The Sixth Sense


When I talk about the six senses in memoir writing, occasionally someone asks me, don’t you mean five? The Famous Five they mean are sight, sound, smell, taste and touch. A writer makes a story come alive when generous use of the Famous Five is splashed fragrantly onto an otherwise sense-less page. The reader is then transported to another world as warm arms of words reach out to embrace. The reader surrenders to literary rapture.

Human Energy

Human Energy

The sixth sense is just as important. Including experiences for which there is no rational explanation honours the inexplicable, the invisible, the spiritual. A woman in one of my classes told us about two men she was dating when she was young and couldn’t decide which one to marry. One day, she was walking beside one of them and when she went to hold his hand, an electric shock passed from his hand to hers and travelled the length of her whole arm. Sparks! She decided then and there he was the one. One of my friends had a mother who astral travelled. In the middle of the night, my mother-in-law—who was alone because her husband was on a painting trip up north—heard her husband calling “help”. She got up, drove the four hours north and found him on the floor unconscious.

Such higher sense perceptions could include serendipity, synchronicity, coincidences, hunches, intuition, dreams, sending energy, seeing energy, distance healing, healing though the laying on of hands, telepathy, clairvoyance, near-death experiences, psychokinesis, and more. Love, too, falls here, says Barbara Brennan, a NASA physicist who became a healer.


Einstein Quote

Einstein Quote

Hallucinator Dr. Oliver Sachs writes that hallucinations are normal. It was in a dream that Isaac Singer received the idea for the hole in the sharp end of needle that made the Singer sewing machine possible. Psychiatrist Diane Hennacy has found that autistic children demonstrate telepathy to a greater extent than others. She believes that accepting these phenomena as real can open the door to a more harmonious way of connecting with one another.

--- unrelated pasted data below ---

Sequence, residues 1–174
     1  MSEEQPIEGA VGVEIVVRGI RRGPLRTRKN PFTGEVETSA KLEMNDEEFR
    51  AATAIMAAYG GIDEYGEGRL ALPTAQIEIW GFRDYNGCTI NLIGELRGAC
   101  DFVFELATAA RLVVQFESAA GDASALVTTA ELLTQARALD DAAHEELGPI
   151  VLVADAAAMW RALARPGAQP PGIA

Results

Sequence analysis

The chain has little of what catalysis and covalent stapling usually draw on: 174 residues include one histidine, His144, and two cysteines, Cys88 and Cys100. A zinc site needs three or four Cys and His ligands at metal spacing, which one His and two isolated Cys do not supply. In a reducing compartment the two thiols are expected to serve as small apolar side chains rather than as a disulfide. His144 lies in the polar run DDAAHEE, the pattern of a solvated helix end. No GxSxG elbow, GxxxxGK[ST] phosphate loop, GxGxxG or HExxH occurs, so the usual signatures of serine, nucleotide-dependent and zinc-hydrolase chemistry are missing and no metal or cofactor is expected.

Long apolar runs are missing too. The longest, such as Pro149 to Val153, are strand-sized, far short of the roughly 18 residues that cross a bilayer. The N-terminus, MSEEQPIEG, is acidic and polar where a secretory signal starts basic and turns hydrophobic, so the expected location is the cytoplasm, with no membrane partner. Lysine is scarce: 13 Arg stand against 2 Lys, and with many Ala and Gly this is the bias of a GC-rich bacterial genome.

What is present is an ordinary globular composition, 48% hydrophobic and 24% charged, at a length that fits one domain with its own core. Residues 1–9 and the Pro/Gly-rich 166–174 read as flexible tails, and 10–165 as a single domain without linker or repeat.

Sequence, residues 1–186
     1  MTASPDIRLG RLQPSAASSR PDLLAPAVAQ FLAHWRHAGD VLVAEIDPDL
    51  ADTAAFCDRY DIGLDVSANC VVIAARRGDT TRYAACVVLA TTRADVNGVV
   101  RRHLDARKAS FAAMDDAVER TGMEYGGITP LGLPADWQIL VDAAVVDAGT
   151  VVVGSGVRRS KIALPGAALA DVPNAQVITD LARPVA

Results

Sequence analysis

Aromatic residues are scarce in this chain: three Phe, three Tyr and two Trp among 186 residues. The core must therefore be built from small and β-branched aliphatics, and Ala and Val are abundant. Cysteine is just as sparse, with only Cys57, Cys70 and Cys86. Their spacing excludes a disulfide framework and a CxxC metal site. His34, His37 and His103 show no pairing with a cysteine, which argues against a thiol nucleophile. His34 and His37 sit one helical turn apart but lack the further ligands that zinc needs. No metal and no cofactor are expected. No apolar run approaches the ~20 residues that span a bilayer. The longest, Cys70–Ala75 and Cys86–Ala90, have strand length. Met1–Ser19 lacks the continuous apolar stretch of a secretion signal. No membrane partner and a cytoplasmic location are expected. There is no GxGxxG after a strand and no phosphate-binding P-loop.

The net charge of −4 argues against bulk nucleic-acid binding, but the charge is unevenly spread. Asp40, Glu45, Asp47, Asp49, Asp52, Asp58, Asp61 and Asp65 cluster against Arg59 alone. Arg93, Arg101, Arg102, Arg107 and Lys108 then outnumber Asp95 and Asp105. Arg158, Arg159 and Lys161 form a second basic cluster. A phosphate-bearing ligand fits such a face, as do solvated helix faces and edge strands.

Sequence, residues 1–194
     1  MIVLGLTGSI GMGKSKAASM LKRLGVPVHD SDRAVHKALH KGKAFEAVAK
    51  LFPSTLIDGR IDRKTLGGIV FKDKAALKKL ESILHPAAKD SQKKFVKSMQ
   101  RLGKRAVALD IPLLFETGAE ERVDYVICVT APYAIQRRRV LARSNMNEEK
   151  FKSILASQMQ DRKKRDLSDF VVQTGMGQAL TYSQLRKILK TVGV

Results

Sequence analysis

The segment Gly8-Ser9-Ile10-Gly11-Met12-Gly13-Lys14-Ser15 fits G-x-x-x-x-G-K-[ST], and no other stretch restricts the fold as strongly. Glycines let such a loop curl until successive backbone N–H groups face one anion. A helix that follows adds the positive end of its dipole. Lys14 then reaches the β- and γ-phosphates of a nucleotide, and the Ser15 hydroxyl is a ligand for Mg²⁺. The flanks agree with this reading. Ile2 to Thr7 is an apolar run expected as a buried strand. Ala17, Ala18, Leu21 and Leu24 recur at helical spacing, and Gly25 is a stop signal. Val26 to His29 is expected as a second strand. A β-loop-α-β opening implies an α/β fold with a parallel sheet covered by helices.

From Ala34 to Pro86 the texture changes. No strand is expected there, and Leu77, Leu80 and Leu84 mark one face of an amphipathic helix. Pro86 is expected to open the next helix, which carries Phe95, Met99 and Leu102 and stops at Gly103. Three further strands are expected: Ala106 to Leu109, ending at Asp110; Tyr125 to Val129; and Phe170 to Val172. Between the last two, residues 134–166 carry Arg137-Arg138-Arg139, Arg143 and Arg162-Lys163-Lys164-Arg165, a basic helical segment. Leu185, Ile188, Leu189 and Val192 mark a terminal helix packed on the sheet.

From my own life … I was living on a boat on Pier 4 at Dinner Key Marina in Miami, just barely making ends meet doing varnish work on boats. It had been six months since my life had fallen apart in the islands, and I desperately needed to go back and visit people and places. I calculated that I would need $500 to do this. I wrote it down, made a list of the expenditures. You could say that I made my need visible. The day after I wrote down this request, my thin and fit surfboarding friend George phoned. He was trying to sell his 28’ wooden boat —I’d done the smooth-as-a-baby’s-bum varnish work on it—on Pier 1 but wasn’t having any luck. If I brought someone to see his boat who wound up buying it, he would give me a commission of $500. What a coincidence. But what were the chances?

The very next day, when I was reading and sipping hot black tea in the cockpit, waves gently lapping against the hull, a big blond man clumped the long way down Pier 4 and asked me in a heavily accented voice if I knew of any boats for sale. Well, I said, you’ve asked the right person. I pointed the boat out to him, told him what I knew about it, which was quite a lot (I didn’t mention the stinky bilge), and that was that. He was too big a guy for a little 28-footer.

A few weeks later, George phoned to say Ivan had bought the boat and would I come to his office so he could give me a cheque for that magic $500. On the one hand I was amazed, and on the other, I felt it was absolutely right, that the stars were in proper alignment, that invisible forces were at work. At this most difficult time in my life, I felt enchanted. Loved, even, by invisible forces. I brought George a bouquet of yellow tulips, and booked a flight.

When you include all six senses in your memoir, we listen wide awake. Do you have a sixth sense experience to share here?


Written by Diane Taylor, author of the Gift of Memoir


18 comments on “The Sixth Sense

  1. Good on you for making sense of the sixth sense